I think this book is more useful as describing one person’s experience of the spiritual battle and his personal insights into the nature of it. When it comes to Biblical interpretation I do not think Vallotton is a trustworthy guide though he does provide and interesting window on individual texts. I would recommend this book to the discerning charismatic Christian who can separate the good from the bad, truth from error. While I have my reservations about parts of this book (some of which I failed to mention here), I will likely refer back to sections.

Thank you to Chosen books for providing a copy of this book in exchange for this fair and honest review.

Christian Contours: Worldview for Shapely Christians (A book review)

If you were lucky enough to attend a Christian college (or Homeschool High) you probably are familiar with the importance of”the Biblical Worldview.” Basically, a worldview is a conceptual framework which includes all the beliefs we hold as true (our view of the world). In Christian Contours: How a Biblical Worldview Shapes the Mind and Heart, the faculty of Northwestern College in St. Paul, Minnesota (a Christian college), under the editorial direction of former colleague, Douglas Huffman (now at Biola University, another Christian college), flesh out what the Biblical worldview is, its importance and how we may live faithfully, formed by our Christian convictions. This book provides an accessible guide to major issues and they do an admirable job of presenting a unified argument (no small feat, as there are ten authors in total). Bellow I will offer a brief summary of the book’s contents followed by my comments.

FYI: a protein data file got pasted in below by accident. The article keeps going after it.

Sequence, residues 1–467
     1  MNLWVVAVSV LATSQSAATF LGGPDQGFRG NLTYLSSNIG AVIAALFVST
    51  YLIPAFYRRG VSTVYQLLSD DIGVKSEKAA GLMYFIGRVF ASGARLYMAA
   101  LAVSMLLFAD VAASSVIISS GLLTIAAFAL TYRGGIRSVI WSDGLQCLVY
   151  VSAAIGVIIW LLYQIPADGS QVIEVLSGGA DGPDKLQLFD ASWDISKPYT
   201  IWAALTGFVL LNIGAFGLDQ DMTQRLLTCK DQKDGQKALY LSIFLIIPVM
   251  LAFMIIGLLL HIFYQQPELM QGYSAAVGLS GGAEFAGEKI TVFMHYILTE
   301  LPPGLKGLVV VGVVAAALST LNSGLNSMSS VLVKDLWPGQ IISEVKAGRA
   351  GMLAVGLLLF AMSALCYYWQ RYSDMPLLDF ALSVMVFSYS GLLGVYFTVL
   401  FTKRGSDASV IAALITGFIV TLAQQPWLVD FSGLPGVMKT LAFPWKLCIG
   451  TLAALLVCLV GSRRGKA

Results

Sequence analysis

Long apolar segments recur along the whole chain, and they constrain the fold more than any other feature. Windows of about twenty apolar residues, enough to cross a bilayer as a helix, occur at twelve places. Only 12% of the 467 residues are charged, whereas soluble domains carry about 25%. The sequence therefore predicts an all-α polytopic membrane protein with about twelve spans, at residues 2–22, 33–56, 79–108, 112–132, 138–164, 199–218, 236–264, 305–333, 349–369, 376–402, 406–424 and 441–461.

Christian Contours is divided into two parts. In part one, Randy Nelson, Douglas Huffman, Walter Schultz and Paul Kjoss Helseth present an overview of worldview thinking and their conceptual framework for defining and addressing the Biblical worldview. In chapter one, Randy Nelson articulates the beliefs that he sees as forming the essential core of a worldview: Theology, Anthropology, Ethics, Soteriology, Epistemology (29-30). It is through these beliefs that we perceive and process reality, which in turn affect how we live. To be a Christian means we embrace the Biblical worldview (that is, the Bible informs and shapes beliefs in any of these areas).In chapter two, Huffman argues that there is one single unified biblical worldview, despite the plethora of denominations and theological viewpoints (from a standpoint of metaphysical realism). In chapter three, Schultz relates the concept of truth to God’s Knowledge of himself and creation and argues that worldviews are only true insofar as they agree with God’s knowledge. In chapter four, Huffman and Helseth present the Biblical worldview under the rubric of core beliefs that Nelson articulated in chapter one (they acknowledge that a biblical worldview can also be presented in a narrative form, or a creedal way).